I’ve worked for too many corporatist shitbags to have any instinct but “RUN!” when I hear the sound of corpocrat. That’s why mayor Pete made my flesh crawl – he deployed the same technique, which deflects responsibility, takes credit, and obscures the speaker’s agenda. It makes them (they think) sound smart, which means they think you’re a dumb sucker who’s going to fall for substanceless style.
My “go to” parody is “pro-actively leveraging our synergies” which means I don’t really know what, but I heard it from the mouth of a senior consultant from Perot Systems back in the late 90s. I immediately concluded that the Perot team didn’t know what they were doing and were trying to sound smart in front of the customer and they planned to stall while I solved the problem and they did write-ups about it, hogging all the glory. Naturally, I told my client that that was what was going to happen, so when it did, well – they didn’t really care: their problem was solved. And I didn’t really care: I got a pretty substantial payment for the project. But my antennae tend to tingle when I hear the sound of glibglarp and I start parsing it extra hard listening for double negatives, i.e: “We will not allow you to be left unhanging in this situation.” Usually, though, it’s “we have a focus committee doubling down on this and are going to positively have analysis to present next monday.” Got to work “positively” in there; it’s a good way of saying “we know nothing.” Mayor Pete had that trick down pretty well.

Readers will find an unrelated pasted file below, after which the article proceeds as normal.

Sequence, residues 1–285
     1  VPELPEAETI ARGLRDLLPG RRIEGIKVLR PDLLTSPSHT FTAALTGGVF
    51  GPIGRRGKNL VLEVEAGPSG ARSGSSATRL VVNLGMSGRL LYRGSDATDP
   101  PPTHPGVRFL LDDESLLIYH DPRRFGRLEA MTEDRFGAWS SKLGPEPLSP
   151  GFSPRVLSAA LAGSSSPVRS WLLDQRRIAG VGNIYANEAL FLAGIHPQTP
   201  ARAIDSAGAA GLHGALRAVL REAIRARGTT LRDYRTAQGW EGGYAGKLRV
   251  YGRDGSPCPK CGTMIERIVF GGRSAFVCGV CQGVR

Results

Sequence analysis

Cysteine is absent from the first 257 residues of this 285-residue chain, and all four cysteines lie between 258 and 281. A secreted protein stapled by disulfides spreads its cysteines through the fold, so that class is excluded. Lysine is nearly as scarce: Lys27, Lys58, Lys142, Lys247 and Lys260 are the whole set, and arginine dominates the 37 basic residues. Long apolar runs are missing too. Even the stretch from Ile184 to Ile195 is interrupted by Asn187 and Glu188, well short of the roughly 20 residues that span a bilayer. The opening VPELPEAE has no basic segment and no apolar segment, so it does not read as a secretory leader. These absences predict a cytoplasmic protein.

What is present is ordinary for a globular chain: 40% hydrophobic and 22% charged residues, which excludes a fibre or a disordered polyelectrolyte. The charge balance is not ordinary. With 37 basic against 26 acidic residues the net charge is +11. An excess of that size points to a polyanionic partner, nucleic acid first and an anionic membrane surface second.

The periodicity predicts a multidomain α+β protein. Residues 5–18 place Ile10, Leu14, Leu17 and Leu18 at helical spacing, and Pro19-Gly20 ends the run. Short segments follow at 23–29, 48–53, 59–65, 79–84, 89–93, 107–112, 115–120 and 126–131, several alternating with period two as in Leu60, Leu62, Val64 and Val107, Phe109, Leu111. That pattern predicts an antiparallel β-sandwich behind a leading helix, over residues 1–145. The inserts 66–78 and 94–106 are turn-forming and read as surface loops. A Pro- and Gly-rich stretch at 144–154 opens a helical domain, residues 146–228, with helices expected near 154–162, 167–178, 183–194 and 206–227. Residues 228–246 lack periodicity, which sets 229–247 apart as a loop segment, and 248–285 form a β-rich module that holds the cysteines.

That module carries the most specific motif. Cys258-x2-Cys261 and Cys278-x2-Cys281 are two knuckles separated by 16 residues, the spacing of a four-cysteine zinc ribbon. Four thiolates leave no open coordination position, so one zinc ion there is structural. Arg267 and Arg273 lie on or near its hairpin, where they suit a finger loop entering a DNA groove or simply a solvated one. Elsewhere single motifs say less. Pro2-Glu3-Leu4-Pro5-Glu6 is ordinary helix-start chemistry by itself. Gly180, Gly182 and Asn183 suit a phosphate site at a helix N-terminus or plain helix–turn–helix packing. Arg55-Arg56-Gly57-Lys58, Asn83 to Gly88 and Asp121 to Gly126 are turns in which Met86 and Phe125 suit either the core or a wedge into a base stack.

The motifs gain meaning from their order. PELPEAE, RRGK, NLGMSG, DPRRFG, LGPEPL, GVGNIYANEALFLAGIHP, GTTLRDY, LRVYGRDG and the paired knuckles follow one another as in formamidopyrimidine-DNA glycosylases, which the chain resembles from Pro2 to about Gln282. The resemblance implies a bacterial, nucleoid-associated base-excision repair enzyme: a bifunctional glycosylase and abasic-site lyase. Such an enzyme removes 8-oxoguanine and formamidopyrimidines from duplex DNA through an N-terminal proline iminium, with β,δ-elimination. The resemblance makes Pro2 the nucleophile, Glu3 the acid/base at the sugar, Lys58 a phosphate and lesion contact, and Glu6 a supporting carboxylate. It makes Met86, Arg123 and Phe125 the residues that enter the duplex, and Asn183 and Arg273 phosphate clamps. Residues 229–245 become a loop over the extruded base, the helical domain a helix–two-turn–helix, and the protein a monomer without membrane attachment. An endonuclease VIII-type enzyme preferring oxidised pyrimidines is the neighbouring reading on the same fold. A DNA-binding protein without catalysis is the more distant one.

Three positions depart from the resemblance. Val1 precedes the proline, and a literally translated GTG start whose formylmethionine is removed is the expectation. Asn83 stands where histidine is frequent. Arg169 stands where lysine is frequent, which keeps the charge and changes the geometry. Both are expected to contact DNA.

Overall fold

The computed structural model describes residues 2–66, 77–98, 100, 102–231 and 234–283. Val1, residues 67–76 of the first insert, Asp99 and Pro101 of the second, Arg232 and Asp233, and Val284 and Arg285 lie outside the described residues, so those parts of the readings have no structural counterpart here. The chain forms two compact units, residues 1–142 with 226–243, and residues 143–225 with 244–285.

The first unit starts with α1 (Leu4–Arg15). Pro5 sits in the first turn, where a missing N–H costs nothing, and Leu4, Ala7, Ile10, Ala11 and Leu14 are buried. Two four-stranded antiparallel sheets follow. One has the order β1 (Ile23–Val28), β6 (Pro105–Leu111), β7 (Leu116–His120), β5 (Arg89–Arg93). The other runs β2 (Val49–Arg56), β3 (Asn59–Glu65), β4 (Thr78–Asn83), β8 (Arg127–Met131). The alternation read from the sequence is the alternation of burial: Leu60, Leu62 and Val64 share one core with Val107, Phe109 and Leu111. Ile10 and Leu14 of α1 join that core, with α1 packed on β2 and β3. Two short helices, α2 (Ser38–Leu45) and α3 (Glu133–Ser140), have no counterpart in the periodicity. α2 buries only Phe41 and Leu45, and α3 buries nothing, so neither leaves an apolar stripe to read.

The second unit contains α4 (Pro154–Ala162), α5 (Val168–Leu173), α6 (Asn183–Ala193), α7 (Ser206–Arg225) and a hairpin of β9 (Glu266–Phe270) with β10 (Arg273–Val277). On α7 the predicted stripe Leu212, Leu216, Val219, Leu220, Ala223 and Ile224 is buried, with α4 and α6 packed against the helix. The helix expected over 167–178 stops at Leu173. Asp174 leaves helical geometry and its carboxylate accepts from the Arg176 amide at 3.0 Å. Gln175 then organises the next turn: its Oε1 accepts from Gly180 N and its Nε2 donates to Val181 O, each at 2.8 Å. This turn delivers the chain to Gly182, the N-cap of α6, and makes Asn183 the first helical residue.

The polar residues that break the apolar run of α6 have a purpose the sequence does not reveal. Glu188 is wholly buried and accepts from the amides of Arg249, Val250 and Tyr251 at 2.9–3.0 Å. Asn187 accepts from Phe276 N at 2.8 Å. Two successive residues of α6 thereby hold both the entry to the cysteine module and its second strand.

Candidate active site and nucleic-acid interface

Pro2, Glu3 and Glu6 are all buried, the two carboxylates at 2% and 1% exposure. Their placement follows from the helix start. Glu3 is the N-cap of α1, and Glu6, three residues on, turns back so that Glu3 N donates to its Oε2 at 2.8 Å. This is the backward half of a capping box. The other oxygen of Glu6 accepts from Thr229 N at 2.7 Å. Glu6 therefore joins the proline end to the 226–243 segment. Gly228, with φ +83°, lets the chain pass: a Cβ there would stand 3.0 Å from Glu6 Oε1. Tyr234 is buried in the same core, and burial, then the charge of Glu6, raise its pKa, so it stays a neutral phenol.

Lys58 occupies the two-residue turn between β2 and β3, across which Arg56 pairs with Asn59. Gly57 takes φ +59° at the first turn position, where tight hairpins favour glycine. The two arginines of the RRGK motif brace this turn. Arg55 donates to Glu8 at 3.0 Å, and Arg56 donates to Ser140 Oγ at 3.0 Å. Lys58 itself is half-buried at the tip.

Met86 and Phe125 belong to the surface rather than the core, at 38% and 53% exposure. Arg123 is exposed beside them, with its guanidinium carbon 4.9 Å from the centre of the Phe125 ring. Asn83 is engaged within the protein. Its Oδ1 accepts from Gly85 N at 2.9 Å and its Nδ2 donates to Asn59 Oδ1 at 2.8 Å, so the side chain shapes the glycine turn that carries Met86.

This appears to be saying “we, at corporate, are doing a good job of taking care of ourselves.”
The art is to talk around the problem, firmly and resolutely with a hint of positivity, and to leave vast tracts of things unsaid because they are unpleasant.
Hello global McFamily.
If that’s not enough to make your hands twitch as though they were holding a pitchfork, nothing will.
How we act and what we do as a system directly translates into how we take care of our people.
When you say “we” what do you mean?
Last week we announced a dedicated team, led by Ed Lee at MHQ, to coordinate our response and ensure that all markets receive the necessary support.
That sounds a lot to me like “we don’t know but we’ve assigned Ed Lee to figure this out.” Ed Lee is the stunt double who’s going to swing through the air on a burning rope and maybe fall screaming into the pit of snakes or maybe land safely on the other side. I’m vaguely reminded of another one of my consulting clients, a large oil company, which developed an outbreak response plan that was probably sitting on the shelf until last week. What I believe Mr McDonaldsface is saying is “we were blindsided by this and I’ve been running around a lot the last week wondering what happens to all of the executive team’s stock options.”
We also restricted travel to business essential only and encouraged our corporate employees to work from home, in addition to fundamental changes to gatherings like world-wide conventions.
In other words, “we didn’t trust you to work from home before, but now that we’ve got to, we’re willing to enjoy the cost savings we’ll experience as well as the productivity increase.”
In the markets, our managing directors are working closely with operator leadership to make the decisions most appropriate for their situation.
That means: “the management team are talking to the people who actually do things.” So much for that productivity increase. I believe that he said that he’s going to expect middle management to figure things out and be smart about it. By the way, that is an excellent emergency response plan: “hey everyone do what you’ve already been doing only more so.” It’s exactly not why naval vessels’ “battle stations” don’t work that way: everyone is expected to fight their part of the ship and assume everyone else is doing the right thing. Sometimes it works. Sometimes it doesn’t. Ships are disposable.